REVIEW: “Beast” (2022)

No, this isn’t the ‘Idris Elba vs. a man-eating lion’ movie (that “Beast” comes out in a couple of months). This “Beast” is the Bollywood action-comedy from writer-director Nelson Dilipkumar (who simply goes by Nelson). The film stars Vijay, one of India’s highest paid actors with over 65 movies to his credit. Here he plays a former government agent who goes one-on-one with a terrorist group who takes over a shopping mall. Plenty of action ensues.

Vijay plays Veera, an ex-RAW agent who someone in the movie actually describes as the “Indian James Bond”. Veera quit RAW after a mission goes terribly wrong, resulting in the death of a young child. Eleven months pass and a traumatized Veera is still experiencing PTSD. Obviously nothing about any of that sounds remotely humorous and you may be wondering how this could be an ‘action-comedy’. Well, “Beast” routinely shifts gears on a dime which turns out to be both a strength and a frustration.

Case in point: Immediately after the tragedy, we see Veera getting canned by his psychologist. Afterwards the two casually bounce off to a wedding party where he meets the beautiful Preethi (Pooja Hegde). It takes a minute, but the two hit it off which leads to a big elaborate song and dance number. Now fans of Bollywood won’t be surprised as this is pretty much a signature of many of their movies. In this case, the tonal hopscotch makes it hard to take anything in “Beast” seriously.

The movie seems to want to build a relationship between Veera and Preethi. At the wedding party, we learn she is engaged to someone she hates. She has one month to “find her man and settle down” and it looks like Veera is meant to be the one. Unfortunately, Preethi quickly falls into the background almost becoming an afterthought. It’s a shame because Hegde has energy and charisma to spare.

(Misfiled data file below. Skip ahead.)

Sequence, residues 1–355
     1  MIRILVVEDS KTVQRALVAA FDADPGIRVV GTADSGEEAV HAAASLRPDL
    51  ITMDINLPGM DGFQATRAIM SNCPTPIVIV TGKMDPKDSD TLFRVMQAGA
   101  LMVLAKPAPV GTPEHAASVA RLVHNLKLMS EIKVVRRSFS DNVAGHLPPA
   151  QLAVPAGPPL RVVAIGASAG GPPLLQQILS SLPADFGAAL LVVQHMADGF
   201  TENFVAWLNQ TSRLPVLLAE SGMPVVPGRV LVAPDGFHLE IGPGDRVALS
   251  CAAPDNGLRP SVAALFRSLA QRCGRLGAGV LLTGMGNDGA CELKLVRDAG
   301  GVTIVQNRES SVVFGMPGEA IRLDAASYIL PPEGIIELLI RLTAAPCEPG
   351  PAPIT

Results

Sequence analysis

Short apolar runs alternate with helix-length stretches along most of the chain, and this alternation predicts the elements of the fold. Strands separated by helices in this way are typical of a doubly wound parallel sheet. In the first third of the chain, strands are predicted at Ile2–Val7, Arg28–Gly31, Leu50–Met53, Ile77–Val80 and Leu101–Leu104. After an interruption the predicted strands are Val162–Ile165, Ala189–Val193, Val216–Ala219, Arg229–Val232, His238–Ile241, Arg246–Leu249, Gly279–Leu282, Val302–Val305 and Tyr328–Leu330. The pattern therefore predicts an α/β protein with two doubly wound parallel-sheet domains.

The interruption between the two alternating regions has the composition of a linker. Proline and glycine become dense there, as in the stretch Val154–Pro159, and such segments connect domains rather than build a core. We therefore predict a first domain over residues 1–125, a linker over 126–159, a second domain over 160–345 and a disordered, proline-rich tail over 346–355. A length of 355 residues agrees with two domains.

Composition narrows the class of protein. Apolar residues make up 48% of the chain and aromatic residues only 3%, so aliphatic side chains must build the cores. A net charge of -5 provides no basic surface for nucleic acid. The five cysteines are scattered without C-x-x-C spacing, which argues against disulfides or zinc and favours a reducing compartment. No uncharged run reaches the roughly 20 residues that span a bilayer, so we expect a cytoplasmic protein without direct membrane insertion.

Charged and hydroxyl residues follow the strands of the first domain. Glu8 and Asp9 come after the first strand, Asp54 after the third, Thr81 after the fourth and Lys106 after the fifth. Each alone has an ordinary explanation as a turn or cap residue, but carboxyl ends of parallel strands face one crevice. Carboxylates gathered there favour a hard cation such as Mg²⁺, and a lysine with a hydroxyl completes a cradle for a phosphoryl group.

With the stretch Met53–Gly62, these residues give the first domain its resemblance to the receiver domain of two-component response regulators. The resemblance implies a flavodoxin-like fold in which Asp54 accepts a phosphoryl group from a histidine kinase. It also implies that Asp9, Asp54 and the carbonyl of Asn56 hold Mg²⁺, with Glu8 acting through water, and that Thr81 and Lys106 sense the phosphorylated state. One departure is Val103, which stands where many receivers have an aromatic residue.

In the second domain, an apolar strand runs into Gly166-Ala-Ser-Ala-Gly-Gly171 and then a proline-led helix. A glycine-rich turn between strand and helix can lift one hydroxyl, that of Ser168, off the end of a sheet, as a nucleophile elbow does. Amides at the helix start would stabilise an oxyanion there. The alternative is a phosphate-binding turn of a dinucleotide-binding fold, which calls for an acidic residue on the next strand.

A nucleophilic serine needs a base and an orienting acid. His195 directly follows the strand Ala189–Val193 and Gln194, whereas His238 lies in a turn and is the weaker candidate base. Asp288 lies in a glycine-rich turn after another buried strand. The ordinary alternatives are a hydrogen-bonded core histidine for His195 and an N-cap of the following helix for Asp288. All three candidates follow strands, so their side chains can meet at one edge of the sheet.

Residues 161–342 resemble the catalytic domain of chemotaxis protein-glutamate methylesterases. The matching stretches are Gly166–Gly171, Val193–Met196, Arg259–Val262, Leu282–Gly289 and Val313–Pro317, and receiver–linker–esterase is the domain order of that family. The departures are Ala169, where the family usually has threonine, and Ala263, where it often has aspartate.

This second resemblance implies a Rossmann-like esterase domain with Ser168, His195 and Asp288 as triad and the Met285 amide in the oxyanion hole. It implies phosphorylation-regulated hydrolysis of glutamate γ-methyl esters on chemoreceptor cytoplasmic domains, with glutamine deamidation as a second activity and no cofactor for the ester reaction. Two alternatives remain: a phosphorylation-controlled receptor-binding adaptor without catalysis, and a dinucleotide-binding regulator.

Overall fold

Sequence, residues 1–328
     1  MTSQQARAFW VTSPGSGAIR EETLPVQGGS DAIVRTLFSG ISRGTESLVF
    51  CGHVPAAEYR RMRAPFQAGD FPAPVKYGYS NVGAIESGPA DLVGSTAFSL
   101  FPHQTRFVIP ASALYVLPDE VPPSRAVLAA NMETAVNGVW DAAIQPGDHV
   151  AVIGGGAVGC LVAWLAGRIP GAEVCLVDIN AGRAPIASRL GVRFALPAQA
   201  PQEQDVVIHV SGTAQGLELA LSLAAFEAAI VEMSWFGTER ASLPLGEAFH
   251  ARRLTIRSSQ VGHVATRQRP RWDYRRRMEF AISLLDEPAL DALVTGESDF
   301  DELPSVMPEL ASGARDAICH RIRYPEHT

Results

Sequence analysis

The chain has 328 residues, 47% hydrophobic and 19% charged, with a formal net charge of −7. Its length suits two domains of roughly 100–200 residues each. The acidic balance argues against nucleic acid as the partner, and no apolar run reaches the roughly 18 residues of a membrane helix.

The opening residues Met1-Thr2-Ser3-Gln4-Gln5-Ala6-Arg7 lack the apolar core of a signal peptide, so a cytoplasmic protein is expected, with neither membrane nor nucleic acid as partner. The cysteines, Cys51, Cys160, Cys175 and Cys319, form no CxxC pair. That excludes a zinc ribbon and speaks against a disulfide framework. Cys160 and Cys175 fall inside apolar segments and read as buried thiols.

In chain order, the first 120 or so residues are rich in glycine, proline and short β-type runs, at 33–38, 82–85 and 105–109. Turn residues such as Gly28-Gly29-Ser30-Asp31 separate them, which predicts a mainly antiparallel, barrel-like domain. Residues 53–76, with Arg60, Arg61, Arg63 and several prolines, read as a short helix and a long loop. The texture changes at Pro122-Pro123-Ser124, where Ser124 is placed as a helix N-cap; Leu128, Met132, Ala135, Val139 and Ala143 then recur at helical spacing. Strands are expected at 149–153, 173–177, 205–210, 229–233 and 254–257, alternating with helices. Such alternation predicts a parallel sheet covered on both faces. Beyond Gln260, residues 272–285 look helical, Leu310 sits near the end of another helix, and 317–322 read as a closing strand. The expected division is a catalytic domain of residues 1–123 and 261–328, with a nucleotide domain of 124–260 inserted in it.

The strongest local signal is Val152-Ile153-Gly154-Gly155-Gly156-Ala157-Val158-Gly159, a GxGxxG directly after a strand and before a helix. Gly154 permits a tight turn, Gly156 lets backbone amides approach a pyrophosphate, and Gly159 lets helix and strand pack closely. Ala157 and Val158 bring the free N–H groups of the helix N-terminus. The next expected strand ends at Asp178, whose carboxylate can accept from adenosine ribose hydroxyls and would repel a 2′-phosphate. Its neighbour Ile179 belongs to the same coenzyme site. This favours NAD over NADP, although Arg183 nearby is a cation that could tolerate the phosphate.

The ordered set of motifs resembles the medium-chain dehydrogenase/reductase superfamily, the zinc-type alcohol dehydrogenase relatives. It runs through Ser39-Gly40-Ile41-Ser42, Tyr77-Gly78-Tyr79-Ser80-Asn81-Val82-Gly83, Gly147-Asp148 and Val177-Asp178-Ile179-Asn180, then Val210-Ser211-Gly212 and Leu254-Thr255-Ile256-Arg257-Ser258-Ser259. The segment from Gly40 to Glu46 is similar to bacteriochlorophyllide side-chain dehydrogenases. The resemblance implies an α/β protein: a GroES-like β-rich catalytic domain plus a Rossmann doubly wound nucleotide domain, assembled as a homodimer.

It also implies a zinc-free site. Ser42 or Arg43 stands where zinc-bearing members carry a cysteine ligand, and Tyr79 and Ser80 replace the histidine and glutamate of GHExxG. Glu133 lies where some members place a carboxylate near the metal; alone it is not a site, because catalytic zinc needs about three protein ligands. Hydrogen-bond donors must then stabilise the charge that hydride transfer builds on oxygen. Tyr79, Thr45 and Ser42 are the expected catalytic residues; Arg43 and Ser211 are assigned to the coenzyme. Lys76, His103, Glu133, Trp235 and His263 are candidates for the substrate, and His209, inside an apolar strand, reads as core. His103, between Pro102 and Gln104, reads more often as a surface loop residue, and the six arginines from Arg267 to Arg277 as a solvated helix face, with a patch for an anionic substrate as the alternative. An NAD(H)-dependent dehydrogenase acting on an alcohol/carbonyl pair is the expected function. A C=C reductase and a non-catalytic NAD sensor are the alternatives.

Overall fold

Preethi does convince Veera to join her private security firm which is ran by the surly Dominic (VTV Ganesh). The three of them head to the East Coast Shopping Mall to discuss their contract with the manager. As they enter, Veera grows suspicious after noticing the escalators, elevators, and even the internet are all down. Within minutes, heavily armed Santa Clauses (yep) hijack the mall, sealing it shut and rigging it with explosives. With 200 civilians inside, their leader Umar (Ankur Ajit Vikal) demands the release of his brother Farooq (Lilliput) or ….you know… bad things will happen.

You know the story – bad guys take over a place but don’t realize there is a one-man army inside with them. It’s pretty conventional stuff. What makes it fun is Nelson’s keen eye for well choreographed action and Vijay’s straight-faced delivery. Together the two put together some terrific action scenes that are as silly as they are thrilling. The sweeping cameras, the intentionally gratuitous slow-motion, the brutal edginess. These scenes keep the movie entertaining.

But there are also slow patches, especially whenever the story shifts back to the police and their lackadaisical negotiations. There’s also an uninteresting and mostly unfunny side bit with a crooked Home Minister who’s in cahoots with the terrorists. These dialogue-heavy scenes drag out the runtime and keep us away from the movie’s biggest strengths.

Thankfully “Beast” has plenty of outlandish action to keep it afloat. Vijay carries himself like a bonafide star yet smartly (much like the movie) never takes himself too seriously. The movie misses an opportunity by not doing more with Hegde, and it could have easily been twenty minutes shorter. But audiences will surely come to “Beast” for the action and Nelson gives them plenty. “Beast” is now streaming on Netflix.


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